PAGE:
This month, parts of the Caribbean Sea and Gulf of Mexico were more than 5 degrees F warmer than normal. In recent days, a patch of the North Atlantic off the coast of Newfoundland, Canada — a region normally kept relatively cool by the Labrador Current — was an astounding 9 degrees F warmer than usual, according to Frédéric Cyr, a research scientist at Fisheries and Oceans Canada, a department of the Canadian government that oversees marine science and policy and manages the country’s fisheries.
Scientists pay close attention to marine heat waves because the world’s oceans are crucial for the planet’s ability to store heat. Studies have found that Earth’s oceans have absorbed about 90% of the heat trapped on the planet from greenhouse gas emissions since 1970.
As climate change causes the world to warm, sea surface temperatures can offer clues about the health of these bodies of water. As such, the extent of the heat wave unfolding in the North Atlantic, its severity and its duration are all cause for alarm, Ryan said.
“As a scientist, you know this is well within the range of what climate models predict would happen at some point, but to see it actually happening is kind of scary,” she said.
Some impacts are being felt already. The soaring sea surface temperatures off Florida are imperiling the region’s coral reef. Scientists have warned that the heat wave could trigger mass die-offs of coral, which could have profound implications for marine ecosystems in the area.
Elsewhere in the Atlantic, researchers are tracking changes in the distribution of fish as the waters warm. Ryan said certain tropical fish species are expanding their range, venturing further north than normal. Other animals, such as whales, are shifting their movements to match their prey.
“We’re seeing some animals compress their habitats, or some shift latitudinally if they’re capable,” Ryan said. “Or, like the corals in Florida, they just have no chance and die off.”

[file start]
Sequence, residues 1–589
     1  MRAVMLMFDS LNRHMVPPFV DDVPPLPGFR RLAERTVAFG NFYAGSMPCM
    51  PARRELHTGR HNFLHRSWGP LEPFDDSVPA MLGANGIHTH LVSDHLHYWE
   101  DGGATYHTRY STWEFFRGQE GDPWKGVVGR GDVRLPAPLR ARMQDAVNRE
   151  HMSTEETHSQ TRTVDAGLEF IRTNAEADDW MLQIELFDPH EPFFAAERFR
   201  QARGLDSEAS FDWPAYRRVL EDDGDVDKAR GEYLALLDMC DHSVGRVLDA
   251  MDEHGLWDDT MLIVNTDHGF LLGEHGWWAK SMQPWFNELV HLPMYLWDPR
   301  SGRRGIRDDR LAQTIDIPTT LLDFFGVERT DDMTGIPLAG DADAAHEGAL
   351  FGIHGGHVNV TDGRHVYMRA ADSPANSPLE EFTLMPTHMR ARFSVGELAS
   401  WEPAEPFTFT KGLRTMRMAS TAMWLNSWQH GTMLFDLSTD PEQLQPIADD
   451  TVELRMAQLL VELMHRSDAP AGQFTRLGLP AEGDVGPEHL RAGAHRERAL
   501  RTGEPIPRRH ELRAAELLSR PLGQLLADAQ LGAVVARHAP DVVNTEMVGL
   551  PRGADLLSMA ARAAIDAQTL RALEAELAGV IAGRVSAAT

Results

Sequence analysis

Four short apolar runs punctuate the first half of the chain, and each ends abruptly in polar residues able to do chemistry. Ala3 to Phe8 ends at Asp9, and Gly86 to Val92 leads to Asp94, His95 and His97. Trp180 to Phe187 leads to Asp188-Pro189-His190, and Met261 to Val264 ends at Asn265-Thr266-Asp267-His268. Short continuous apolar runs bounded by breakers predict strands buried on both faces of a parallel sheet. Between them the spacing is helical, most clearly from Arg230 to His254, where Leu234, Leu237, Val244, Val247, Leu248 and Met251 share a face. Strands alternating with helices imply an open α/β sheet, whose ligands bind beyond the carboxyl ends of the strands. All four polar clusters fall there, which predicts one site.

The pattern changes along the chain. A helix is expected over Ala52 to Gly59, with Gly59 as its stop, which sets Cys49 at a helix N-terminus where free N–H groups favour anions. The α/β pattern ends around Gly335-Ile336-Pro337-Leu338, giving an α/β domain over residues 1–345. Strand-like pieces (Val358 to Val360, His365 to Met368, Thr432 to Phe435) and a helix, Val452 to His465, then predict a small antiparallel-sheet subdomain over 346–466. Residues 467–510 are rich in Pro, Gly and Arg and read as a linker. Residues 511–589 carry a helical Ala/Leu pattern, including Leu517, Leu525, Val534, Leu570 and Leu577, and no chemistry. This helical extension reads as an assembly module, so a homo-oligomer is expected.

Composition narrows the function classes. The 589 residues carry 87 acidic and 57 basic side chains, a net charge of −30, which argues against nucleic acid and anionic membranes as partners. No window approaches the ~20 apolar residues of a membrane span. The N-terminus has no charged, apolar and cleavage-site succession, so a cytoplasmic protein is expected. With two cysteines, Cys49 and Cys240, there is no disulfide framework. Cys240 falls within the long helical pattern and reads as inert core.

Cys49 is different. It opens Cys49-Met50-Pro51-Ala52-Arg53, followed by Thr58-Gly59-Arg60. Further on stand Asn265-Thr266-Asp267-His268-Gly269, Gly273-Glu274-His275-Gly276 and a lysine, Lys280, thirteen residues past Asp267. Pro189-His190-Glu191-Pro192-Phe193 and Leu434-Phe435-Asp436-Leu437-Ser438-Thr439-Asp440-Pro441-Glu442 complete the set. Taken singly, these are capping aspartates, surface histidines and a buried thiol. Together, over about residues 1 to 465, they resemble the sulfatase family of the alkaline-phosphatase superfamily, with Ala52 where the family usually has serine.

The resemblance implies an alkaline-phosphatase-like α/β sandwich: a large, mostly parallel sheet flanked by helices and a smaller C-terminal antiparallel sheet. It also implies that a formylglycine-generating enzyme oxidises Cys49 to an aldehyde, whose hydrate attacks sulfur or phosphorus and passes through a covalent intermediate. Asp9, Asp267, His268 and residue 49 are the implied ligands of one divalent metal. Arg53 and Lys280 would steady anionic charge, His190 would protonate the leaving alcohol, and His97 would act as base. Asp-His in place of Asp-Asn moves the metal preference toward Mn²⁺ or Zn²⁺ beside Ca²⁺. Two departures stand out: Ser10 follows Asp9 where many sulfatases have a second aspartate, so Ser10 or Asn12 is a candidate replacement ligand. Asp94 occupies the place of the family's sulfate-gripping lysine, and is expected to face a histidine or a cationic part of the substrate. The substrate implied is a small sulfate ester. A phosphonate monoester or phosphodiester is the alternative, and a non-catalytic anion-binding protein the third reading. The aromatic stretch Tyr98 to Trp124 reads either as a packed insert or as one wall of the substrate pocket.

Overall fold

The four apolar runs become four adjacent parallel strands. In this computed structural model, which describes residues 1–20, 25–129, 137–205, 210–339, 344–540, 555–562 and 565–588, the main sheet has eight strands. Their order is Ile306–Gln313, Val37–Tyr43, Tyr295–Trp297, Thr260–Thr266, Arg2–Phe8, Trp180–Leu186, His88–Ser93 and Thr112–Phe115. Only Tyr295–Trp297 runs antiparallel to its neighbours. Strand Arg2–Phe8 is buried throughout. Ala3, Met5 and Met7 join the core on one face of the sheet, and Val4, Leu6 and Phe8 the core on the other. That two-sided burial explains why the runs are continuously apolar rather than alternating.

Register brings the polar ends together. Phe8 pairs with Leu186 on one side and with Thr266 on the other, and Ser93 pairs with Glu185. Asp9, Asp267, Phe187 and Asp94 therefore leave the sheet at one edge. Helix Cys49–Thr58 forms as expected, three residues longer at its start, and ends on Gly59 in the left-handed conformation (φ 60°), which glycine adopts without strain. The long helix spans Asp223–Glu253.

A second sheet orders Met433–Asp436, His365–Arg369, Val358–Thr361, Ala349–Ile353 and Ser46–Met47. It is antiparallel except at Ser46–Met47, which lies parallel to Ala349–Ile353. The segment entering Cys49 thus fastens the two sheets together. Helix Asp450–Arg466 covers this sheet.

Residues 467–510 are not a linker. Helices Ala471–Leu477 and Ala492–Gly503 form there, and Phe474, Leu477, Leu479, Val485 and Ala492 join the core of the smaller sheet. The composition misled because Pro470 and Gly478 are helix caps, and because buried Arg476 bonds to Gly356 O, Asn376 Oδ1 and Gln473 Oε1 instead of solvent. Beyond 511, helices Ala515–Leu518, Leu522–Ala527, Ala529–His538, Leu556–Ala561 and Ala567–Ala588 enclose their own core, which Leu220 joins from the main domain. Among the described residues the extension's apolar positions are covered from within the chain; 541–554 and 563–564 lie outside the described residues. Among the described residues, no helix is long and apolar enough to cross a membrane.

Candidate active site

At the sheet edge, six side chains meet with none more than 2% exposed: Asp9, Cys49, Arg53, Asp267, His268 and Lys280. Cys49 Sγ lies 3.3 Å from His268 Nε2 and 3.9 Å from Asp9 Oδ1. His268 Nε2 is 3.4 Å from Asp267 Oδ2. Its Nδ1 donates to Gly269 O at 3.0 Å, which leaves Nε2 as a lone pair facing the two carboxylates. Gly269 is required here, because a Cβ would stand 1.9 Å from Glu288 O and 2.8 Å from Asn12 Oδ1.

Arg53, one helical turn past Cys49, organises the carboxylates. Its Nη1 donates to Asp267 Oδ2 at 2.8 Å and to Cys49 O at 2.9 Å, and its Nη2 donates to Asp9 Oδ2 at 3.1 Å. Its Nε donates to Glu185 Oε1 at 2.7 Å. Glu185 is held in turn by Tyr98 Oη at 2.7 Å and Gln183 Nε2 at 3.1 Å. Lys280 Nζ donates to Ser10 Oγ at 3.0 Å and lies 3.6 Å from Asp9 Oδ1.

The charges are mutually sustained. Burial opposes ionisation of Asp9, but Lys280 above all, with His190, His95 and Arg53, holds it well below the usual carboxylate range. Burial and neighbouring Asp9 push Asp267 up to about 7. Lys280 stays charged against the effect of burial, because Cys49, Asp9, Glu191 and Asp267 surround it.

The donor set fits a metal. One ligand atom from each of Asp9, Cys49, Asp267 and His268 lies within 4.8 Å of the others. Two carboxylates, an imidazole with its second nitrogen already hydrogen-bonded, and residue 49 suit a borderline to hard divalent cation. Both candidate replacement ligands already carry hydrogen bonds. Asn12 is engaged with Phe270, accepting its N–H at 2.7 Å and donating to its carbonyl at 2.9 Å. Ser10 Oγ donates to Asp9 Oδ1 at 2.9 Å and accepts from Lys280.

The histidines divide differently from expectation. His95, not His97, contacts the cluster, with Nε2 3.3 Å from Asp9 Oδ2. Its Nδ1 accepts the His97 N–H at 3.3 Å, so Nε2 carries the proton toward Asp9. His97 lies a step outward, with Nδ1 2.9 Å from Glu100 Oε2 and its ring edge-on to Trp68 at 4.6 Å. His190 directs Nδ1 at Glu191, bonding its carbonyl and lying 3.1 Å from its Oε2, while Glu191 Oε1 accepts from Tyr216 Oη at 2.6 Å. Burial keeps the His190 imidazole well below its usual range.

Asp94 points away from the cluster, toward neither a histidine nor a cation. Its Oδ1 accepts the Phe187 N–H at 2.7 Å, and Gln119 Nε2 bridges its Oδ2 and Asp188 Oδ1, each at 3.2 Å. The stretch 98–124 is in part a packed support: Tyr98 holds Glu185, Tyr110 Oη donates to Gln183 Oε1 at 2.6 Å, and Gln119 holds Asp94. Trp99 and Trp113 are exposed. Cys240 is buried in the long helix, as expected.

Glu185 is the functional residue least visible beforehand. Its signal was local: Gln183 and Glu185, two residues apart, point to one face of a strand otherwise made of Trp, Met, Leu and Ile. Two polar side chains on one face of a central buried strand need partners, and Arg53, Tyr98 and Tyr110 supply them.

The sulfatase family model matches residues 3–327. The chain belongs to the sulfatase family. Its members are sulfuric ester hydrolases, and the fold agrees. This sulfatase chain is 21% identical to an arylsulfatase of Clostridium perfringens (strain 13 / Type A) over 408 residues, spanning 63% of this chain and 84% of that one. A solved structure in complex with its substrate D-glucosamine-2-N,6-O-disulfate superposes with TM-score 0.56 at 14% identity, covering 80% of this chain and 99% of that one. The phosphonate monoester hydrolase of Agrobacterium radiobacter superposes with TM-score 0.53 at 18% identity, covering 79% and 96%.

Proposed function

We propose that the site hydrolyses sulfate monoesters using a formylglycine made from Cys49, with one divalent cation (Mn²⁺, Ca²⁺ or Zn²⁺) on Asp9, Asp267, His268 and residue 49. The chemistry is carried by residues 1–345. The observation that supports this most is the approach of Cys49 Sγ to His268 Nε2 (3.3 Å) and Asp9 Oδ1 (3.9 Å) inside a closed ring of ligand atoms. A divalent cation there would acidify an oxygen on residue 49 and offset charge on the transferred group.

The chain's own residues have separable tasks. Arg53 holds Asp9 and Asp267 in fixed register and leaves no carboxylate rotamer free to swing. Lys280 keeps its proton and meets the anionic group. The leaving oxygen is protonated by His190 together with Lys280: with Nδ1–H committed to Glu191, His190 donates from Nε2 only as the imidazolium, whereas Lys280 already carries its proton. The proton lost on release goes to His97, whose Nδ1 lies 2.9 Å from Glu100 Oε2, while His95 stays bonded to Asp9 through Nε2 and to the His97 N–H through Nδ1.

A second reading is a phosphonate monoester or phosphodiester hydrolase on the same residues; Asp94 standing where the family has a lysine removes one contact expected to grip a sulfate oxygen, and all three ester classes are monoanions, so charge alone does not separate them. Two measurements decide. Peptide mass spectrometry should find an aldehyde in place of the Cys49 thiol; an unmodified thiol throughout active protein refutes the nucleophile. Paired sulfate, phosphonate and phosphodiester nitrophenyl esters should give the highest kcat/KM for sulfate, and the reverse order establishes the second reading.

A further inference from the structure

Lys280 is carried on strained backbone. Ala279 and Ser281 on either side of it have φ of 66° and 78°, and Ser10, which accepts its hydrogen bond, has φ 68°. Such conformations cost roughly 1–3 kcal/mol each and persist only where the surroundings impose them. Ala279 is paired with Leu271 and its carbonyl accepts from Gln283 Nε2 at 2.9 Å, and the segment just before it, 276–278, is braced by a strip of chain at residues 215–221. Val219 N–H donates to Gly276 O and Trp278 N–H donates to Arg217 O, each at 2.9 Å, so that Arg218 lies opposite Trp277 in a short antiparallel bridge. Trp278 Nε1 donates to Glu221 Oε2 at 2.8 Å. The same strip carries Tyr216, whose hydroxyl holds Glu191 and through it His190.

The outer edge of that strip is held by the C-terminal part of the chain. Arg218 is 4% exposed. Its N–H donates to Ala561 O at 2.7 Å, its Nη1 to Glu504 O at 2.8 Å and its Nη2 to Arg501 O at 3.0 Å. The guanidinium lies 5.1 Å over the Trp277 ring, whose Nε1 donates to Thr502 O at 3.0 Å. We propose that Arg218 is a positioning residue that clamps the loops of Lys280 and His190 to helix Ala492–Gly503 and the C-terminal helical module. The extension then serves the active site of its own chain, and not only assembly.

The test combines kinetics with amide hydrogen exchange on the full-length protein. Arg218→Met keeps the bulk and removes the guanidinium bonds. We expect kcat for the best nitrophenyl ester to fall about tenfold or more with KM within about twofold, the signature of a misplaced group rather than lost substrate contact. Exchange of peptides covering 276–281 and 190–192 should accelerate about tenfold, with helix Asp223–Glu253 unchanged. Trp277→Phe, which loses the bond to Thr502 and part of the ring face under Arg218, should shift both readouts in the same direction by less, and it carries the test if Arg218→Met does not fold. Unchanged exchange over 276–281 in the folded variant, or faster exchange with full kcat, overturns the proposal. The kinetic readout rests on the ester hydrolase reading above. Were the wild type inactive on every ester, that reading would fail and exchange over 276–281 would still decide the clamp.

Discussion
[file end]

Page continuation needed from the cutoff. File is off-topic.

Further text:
Kathy Mills, a research scientist at the Gulf of Maine Research Institute, said the long-term consequences of such warm waters may not even be known because such conditions have no comparison in recorded history.
“This is out of the realm of anything we’ve observed or been able to observe in the past,” she said, “So we don’t even have data to turn to in order to understand what the impacts of temperatures this hot for such large regions might be.”
Many consequences are also not detectable right away, said Cyr.
“It’s a bit too soon to understand what’s going on,” he said, adding that capturing the full implications for fisheries, marine species and ocean health requires time — and plenty of data.
Mills similarly said that it can take months to conduct biological surveys and work with fisheries to measure outcomes. She said, however, that the warming observed in recent months has been unusually widespread.
“Globally there are very few places that are cooler than usual,” she said. “You would typically expect sort of a balance, but we have a large portion of the ocean that is hotter than long-term averages, and the certain regions experiencing these really exceptional temperatures.”
This year, El Niño conditions are also expected to play a role, compounding background warming from climate change. El Niño, a natural climate cycle characterized by warmer-than-usual waters in the central and eastern tropical Pacific Ocean, can have a significant effect on rainfall, hurricanes and other severe weather. El Nińo typically also increases average air and sea temperatures.
That means sea surface temperatures may continue to climb.
“The fact that this could be even more extreme if we had a strong El Niño already set up and in place is just shocking,” Mills said.